by Steve Adubato, PhD
We are in the midst of an information and communication explosion. There are more ways than ever to share information and communicate with others. Yet, this doesn’t mean there have been dramatic or significant improvements in communication effectiveness.
Just by having technology accessible in business doesn’t ensure that it will be used as it was intended. Many organizations have their top leaders spending countless hours travelling to and from meetings, only to later complain about their lack of productivity and a wasting of valuable time.
With so many business professionals spread out in multiple locations, consider the following tips and tools that will help you become a more efficient and effective communicator while sharing important information:
--Stop conducting meetings just to have a meeting. Go back and ask the question; “Why are we holding this meeting in the first place, and is there another way to accomplish our goals?” Many meetings don’t need to be held and, in turn, many of the precious hours spent in transit getting to and from these meetings could be avoided. Could the information be shared in a conference call or video conference or even via e-mail if the purpose is to transfer information? What is the ultimate value of having everyone sitting around the same table and incurring all the costs associated with this effort? These are just some of the tough and very basic questions that must be asked.
--Do you have the right technology in place to replace face-to-face meetings? Skype is a terrific tool to communicate and interact one-on-one, but it’s not the right technology for a group of six to ten professionals. The key here is to use Skype for more intimate communication while investing in video-conferencing equipment that is consistent with the needs of your organization. If you say you can’t afford it, the question is, can you really afford to have so many of your top people traveling from place to place (often in traffic) just to get to a meeting? How to you calculate all of that lost productivity?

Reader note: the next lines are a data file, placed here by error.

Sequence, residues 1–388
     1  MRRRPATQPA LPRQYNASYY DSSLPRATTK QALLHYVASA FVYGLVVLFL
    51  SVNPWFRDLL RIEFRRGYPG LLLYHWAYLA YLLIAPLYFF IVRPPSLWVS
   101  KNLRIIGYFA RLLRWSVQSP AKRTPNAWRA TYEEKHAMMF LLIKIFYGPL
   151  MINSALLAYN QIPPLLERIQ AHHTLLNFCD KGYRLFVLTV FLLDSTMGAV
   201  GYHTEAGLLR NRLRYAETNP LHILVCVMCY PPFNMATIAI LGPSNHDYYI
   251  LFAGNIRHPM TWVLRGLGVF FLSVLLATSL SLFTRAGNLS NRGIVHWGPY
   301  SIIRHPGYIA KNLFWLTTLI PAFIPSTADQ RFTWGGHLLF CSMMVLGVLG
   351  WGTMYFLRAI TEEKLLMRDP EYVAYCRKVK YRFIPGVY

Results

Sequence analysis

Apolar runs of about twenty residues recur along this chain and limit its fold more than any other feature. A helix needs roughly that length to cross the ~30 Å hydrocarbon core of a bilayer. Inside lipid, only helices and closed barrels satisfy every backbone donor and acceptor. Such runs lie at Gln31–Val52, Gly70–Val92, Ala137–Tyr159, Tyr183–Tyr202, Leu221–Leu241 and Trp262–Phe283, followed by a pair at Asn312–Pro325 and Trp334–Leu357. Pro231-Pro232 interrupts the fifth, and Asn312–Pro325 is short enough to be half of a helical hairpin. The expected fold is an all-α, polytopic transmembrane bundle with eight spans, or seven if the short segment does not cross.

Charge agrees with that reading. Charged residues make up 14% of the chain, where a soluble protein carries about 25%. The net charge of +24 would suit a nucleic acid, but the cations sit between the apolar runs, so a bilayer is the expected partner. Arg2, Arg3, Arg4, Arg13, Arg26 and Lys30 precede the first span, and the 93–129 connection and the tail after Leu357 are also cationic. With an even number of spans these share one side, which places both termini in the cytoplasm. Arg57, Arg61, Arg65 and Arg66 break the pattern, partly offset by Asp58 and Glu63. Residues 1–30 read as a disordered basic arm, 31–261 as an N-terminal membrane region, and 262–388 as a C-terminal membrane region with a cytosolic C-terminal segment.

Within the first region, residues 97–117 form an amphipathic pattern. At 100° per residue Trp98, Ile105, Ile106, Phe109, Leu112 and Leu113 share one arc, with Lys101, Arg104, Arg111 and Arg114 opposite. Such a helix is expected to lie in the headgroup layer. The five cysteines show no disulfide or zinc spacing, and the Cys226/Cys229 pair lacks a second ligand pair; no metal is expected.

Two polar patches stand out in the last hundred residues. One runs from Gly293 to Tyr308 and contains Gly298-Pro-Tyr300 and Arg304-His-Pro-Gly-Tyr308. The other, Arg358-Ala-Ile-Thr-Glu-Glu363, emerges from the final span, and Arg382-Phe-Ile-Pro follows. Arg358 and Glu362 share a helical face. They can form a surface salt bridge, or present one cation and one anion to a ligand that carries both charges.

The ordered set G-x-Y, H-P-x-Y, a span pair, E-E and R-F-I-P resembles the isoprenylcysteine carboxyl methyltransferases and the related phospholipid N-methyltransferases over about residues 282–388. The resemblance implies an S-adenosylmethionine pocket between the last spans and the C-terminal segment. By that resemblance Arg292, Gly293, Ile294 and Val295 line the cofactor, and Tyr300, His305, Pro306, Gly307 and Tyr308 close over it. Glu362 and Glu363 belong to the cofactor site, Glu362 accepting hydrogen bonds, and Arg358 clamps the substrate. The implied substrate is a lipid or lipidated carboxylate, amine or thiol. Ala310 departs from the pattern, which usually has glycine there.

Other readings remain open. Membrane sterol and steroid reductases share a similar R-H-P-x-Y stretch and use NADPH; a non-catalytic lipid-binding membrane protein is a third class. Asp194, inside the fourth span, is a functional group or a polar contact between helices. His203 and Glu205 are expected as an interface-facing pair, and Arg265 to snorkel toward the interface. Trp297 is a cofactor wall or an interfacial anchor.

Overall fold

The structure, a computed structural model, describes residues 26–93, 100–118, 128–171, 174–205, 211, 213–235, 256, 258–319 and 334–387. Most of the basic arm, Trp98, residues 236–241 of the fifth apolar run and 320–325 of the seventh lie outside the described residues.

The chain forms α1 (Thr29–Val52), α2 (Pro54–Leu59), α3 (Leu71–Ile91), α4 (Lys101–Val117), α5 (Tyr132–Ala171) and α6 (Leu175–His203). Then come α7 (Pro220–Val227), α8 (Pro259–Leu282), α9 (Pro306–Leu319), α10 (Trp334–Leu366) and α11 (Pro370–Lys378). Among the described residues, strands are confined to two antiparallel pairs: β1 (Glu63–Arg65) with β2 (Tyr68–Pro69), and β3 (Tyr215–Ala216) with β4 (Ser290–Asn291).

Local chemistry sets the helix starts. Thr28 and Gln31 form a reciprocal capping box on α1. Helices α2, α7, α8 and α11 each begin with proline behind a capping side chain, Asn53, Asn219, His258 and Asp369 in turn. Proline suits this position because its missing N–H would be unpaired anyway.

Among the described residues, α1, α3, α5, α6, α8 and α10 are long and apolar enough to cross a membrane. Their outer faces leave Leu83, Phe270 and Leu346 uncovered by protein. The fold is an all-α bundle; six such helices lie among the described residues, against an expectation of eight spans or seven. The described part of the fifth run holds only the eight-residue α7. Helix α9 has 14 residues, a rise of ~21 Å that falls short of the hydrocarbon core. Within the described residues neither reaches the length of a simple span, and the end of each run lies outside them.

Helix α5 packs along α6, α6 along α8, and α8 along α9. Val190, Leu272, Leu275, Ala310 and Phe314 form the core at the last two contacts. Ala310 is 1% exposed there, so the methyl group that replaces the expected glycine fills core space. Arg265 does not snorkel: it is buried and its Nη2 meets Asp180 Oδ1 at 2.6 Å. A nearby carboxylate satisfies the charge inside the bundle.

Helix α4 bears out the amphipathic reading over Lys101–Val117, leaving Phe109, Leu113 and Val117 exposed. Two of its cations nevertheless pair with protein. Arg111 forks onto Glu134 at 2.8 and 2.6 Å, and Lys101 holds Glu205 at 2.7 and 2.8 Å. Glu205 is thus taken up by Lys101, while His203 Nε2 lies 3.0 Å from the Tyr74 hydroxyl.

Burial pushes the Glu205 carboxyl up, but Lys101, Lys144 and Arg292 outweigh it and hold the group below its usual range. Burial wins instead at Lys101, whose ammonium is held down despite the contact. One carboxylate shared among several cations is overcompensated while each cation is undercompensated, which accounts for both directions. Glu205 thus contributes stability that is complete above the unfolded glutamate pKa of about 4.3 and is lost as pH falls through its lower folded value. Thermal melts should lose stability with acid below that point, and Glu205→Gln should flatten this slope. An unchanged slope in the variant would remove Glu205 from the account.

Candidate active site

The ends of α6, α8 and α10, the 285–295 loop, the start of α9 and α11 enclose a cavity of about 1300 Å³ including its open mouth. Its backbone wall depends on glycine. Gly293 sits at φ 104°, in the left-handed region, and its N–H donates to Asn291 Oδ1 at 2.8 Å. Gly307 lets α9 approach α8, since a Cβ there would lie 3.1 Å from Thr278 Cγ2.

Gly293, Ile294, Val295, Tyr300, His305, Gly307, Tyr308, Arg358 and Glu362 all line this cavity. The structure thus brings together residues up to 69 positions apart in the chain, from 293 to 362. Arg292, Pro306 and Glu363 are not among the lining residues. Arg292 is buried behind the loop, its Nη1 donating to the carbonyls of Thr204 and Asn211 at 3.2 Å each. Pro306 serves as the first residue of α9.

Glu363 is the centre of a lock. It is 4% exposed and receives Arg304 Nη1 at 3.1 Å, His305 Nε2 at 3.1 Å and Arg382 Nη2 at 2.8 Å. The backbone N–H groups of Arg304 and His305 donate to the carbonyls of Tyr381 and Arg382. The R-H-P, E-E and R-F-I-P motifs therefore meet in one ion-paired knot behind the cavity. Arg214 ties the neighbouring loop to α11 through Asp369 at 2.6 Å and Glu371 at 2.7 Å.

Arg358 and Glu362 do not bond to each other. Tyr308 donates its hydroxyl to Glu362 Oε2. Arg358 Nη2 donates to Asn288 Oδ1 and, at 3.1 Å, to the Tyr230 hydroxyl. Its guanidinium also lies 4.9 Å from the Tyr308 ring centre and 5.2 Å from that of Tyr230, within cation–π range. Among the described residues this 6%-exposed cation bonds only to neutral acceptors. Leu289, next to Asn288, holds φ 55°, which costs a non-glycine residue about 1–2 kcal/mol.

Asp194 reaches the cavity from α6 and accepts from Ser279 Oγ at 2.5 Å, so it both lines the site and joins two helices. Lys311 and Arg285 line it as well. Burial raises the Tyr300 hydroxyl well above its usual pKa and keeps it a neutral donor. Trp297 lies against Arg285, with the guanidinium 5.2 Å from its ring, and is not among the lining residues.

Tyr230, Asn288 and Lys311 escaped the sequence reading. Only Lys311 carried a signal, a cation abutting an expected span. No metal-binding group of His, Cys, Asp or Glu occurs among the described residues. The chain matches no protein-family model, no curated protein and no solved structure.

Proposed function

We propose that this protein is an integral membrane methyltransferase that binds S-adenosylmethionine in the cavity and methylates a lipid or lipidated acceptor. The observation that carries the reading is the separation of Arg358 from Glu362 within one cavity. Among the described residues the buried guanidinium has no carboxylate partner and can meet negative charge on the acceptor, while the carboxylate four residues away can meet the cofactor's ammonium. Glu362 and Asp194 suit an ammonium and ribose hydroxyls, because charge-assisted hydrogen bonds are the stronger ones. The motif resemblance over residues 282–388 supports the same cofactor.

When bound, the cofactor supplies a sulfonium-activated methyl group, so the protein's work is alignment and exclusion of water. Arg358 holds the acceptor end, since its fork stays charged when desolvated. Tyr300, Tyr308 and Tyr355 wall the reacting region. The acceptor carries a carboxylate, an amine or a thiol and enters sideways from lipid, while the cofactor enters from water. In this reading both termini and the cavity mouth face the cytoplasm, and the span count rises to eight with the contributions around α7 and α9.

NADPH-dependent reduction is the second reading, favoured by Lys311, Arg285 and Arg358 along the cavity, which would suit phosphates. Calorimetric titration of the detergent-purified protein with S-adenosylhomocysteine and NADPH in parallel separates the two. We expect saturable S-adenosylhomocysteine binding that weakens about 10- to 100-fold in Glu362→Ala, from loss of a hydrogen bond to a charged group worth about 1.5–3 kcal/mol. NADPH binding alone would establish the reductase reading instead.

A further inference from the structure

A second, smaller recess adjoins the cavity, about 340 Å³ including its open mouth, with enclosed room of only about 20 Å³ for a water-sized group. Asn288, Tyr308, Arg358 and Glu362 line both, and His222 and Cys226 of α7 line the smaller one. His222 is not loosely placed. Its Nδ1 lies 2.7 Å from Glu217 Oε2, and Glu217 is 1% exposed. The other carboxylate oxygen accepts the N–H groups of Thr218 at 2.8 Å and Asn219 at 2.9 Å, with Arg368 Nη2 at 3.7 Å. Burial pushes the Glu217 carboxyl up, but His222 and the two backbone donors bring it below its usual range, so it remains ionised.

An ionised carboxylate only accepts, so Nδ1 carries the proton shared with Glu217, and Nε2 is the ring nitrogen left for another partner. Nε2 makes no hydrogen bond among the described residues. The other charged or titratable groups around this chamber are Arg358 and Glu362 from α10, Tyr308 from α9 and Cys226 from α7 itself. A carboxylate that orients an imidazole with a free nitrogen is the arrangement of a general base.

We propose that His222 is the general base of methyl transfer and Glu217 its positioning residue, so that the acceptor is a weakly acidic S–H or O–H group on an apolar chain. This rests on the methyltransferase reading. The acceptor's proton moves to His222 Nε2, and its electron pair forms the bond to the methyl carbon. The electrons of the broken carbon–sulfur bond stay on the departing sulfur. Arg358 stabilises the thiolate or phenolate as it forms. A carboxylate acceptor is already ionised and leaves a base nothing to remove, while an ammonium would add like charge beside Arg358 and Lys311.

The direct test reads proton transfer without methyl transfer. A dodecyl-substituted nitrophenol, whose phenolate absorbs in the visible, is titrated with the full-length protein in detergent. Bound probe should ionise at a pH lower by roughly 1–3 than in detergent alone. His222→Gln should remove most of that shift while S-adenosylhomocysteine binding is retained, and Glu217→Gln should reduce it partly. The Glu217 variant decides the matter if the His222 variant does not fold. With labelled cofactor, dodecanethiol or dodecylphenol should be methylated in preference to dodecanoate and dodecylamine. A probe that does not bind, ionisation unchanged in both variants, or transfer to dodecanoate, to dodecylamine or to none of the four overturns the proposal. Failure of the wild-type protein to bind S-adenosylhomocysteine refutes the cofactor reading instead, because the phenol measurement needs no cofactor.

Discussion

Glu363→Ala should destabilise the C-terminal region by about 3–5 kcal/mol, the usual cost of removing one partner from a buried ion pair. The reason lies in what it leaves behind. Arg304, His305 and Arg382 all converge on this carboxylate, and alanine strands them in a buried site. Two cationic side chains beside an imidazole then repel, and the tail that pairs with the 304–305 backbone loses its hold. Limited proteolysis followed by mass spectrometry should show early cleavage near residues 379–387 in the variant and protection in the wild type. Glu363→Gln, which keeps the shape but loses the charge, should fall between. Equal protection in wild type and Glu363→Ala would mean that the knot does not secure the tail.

--Do you really need to SEE each other in order to communicate? Sometimes, there is no need to Skype or video conference. I have been involved in teleconferences that have been extremely productive as long as the meeting facilitator is focused on an agenda, gets participants engaged and moves toward concrete meeting goals. Teleconferencing is particularly effective with business professionals who have history together.
--Set specific time limits. The more participants know exactly how long a meeting will take (as opposed to being open-ended) the greater the chance that they will invest the energy and commitment necessary to be engaged in a meaningful way. Further, whatever time limit you set, make sure you keep to it.
--One of the biggest reasons business professionals complain about meetings is that they are unproductive. They often ask themselves; “Why do I have to be at this meeting?” So, before you decide to hold a meeting, ask yourself who needs to be in this meeting and who doesn’t? Don’t invite certain people who would be more productive doing other things, but make sure they receive a summary of what was discussed and agreed to in the meeting so they can stay in the loop.
--Finally, regardless of the meeting format you establish, ensure that every meeting ends with specific action items that include who will be responsible for what, and when those action items are expected to be completed. Deadlines are essential. Accountability is crucial. Without these important pieces of information, future meetings will suffer and everyone involved will become frustrated.